This effort has been realized through USM collaboration with world-renowned primate research centre, the Primate Research Institute (PRI), Kyoto University, Japan that has been carrying out research on primates since 1967.
Research Leader, Prof. Mashhor Mansor who is also Senior Fellow at the USM Centre for Global Sustainability Studies said that research on the animal that is indigenous to Borneo (Sabah & Sarawak) and Sumatera has be carried out more intensively.
He said that so far there has been no holistic research carried out on the Orang Utan in Malaysia and whatever data is available is very limited and general.
“It is essential to learn and understand their needs and evolution because this knowledge is vital in the efforts to protect the Orang Utan from the threat of extinction as well as the loss of their habitat in the forest,” he said.
He said this at a media conference held during the MoU signing ceremony between USM and PRI. The Deputy Vice-Chancellor of the Industry and Community Network, Prof. Susie See Ching Mey signed the MoU on behalf of USM while PRI was represented by its President, Prof. Tetsuro Matsuzawa.
Also present were the Dean of the School of Biological Sciences (PPSK), Prof. Abu Hasan Ahmad and Secretary-General of PRI, Sadayuki Yagi.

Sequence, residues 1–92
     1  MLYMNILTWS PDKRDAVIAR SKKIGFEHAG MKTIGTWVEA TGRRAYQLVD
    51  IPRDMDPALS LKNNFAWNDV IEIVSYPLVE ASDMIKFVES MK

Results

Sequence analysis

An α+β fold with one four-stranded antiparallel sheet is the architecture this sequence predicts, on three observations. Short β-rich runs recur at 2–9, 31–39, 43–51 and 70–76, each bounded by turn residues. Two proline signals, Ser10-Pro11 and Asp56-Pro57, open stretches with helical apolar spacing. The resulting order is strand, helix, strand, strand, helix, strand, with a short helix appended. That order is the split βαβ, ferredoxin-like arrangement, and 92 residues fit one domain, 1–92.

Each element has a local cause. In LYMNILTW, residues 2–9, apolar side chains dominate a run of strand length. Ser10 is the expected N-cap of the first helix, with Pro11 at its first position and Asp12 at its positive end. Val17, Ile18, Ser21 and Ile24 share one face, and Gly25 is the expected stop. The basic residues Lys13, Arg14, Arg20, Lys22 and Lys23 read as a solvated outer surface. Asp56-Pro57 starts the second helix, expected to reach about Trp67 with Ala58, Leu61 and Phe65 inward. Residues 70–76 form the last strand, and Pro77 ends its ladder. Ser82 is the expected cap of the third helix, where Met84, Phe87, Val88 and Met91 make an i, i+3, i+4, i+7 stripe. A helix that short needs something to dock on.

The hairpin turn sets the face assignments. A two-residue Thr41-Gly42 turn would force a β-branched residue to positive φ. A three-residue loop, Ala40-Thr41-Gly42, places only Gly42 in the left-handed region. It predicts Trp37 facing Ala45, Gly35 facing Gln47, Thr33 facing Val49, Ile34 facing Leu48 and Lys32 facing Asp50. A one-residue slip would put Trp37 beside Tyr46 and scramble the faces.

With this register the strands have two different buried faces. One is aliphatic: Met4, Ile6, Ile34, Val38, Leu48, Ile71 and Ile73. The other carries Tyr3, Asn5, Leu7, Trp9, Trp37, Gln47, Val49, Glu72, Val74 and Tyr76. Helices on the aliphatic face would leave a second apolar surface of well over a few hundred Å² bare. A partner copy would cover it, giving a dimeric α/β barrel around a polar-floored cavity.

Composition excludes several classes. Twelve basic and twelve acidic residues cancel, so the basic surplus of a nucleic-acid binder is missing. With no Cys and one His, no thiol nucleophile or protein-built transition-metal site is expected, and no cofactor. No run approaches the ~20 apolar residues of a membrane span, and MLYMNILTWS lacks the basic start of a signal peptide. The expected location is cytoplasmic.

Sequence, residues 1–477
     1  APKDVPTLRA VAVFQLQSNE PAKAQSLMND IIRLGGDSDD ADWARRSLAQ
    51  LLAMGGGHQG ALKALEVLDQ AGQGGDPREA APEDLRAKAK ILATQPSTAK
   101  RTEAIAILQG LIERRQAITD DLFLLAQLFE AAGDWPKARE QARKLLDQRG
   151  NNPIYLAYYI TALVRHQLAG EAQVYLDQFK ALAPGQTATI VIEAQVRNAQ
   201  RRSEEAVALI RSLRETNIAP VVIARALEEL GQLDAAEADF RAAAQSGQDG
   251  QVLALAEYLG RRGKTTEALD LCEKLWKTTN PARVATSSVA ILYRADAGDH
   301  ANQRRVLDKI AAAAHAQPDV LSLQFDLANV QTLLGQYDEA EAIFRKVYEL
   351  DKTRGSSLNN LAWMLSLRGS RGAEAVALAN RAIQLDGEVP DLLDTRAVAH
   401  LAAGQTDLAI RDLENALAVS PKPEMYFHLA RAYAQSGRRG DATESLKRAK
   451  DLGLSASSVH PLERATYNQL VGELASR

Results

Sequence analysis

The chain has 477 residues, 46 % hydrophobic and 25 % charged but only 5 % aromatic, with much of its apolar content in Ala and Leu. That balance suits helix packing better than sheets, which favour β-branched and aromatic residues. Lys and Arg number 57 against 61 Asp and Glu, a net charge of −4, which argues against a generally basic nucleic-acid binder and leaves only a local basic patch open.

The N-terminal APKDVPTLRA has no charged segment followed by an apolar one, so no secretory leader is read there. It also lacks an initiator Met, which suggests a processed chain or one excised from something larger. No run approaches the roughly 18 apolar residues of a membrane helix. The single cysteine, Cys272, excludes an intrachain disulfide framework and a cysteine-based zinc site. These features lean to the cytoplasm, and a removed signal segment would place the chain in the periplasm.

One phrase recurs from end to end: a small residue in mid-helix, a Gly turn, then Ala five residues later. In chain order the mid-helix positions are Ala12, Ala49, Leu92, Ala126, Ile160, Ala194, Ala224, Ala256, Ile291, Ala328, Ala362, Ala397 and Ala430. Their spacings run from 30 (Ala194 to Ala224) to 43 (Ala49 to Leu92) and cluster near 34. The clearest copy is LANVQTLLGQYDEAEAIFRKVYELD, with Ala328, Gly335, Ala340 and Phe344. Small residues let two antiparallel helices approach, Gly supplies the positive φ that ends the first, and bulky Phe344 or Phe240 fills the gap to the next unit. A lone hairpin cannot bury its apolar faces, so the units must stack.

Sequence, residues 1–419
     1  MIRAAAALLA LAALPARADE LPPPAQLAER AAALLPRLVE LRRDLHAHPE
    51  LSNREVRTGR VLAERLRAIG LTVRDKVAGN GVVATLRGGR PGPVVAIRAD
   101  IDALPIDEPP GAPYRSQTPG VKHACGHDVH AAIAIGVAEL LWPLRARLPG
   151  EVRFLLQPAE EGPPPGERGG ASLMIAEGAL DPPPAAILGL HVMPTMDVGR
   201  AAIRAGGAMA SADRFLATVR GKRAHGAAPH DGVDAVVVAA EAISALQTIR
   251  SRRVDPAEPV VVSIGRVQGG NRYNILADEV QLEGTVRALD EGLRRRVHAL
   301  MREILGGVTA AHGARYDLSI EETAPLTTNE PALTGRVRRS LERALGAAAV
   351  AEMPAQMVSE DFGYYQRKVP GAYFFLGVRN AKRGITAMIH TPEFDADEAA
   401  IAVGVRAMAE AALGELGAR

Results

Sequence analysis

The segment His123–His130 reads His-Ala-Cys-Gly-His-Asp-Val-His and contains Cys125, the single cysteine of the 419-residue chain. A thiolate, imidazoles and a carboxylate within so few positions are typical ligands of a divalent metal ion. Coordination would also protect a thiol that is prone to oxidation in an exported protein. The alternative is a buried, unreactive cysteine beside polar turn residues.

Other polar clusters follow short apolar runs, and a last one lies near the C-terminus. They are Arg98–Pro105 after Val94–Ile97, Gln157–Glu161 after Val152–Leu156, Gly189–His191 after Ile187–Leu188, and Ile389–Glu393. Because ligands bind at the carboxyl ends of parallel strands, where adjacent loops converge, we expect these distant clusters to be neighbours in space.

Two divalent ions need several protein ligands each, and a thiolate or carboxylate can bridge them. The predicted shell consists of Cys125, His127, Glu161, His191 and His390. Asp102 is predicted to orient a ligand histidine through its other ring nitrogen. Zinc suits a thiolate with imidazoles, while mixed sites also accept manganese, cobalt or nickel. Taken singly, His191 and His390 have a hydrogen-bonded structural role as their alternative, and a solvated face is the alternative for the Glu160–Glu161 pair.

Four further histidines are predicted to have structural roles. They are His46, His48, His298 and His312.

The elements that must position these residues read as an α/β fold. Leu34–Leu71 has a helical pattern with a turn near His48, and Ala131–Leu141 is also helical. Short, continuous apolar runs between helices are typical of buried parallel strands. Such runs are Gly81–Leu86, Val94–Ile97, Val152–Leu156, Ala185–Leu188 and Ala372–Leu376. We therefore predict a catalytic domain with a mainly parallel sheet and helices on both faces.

Mashhor also stressed that the population of Orang Utan has decreased drastically and this is of serious concern to scientists, especially those involved directly with conservation of national biodiversity.
“The Orang Utan can consider as having lost their homes because their habitat has been encroached upon and developed without any control. Thus, this research has to be carried out immediately to ensure that the animal will not become extinct.
“We need support from all parties, especially from the government to realise our hope to see this species continue to increase in number and to ensure the growth and development of our rainforest,” he explained.
He added that the Orang Utan is an important chain in the tropical rainforest ecosystem as without the Orang Utan, the rainforest cannot develop because both are interrelated.
“Scientific research on this species is important so that we can obtain vital data to enable policy makers to see the seriousness of the problem of extinction of these unique animals that are very similar to humans,” he said.
Meanwhile, the research will cover various aspects of the life of the Orang Utan, including ecology, evolution, genetic population, behaviour and diseases.